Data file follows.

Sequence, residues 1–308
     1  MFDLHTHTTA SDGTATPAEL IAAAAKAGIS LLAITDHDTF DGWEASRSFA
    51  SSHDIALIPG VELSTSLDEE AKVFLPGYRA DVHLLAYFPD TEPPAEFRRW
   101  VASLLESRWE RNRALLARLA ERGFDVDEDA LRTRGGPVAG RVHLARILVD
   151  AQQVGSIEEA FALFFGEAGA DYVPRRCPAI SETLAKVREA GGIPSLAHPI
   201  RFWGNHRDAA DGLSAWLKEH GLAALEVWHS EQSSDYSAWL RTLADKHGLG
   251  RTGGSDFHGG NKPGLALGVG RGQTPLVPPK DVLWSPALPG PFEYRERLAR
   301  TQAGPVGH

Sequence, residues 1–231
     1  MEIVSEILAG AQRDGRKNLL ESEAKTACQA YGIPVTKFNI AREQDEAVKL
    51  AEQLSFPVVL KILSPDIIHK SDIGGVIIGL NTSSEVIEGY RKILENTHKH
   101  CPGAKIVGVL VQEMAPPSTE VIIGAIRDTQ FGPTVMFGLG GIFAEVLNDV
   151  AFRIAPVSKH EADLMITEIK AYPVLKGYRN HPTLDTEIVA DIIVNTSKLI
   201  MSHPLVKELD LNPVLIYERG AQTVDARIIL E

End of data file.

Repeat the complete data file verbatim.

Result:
Sequence, residues 1–308
     1  MFDLHTHTTA SDGTATPAEL IAAAAKAGIS LLAITDHDTF DGWEASRSFA
    51  SSHDIALIPG VELSTSLDEE AKVFLPGYRA DVHLLAYFPD TEPPAEFRRW
   101  VASLLESRWE RNRALLARLA ERGFDVDEDA LRTRGGPVAG RVHLARILVD
   151  AQQVGSIEEA FALFFGEAGA DYVPRRCPAI SETLAKVREA GGIPSLAHPI
   201  RFWGNHRDAA DGLSAWLKEH GLAALEVWHS EQSSDYSAWL RTLADKHGLG
   251  RTGGSDFHGG NKPGLALGVG RGQTPLVPPK DVLWSPALPG PFEYRERLAR
   301  TQAGPVGH

Sequence, residues 1–231
     1  MEIVSEILAG AQRDGRKNLL ESEAKTACQA YGIPVTKFNI AREQDEAVKL
    51  AEQLSFPVVL KILSPDIIHK SDIGGVIIGL NTSSEVIEGY RKILENTHKH
   101  CPGAKIVGVL VQEMAPPSTE VIIGAIRDTQ FGPTVMFGLG GIFAEVLNDV
   151  AFRIAPVSKH EADLMITEIK AYPVLKGYRN HPTLDTEIVA DIIVNTSKLI
   201  MSHPLVKELD LNPVLIYERG AQTVDARIIL E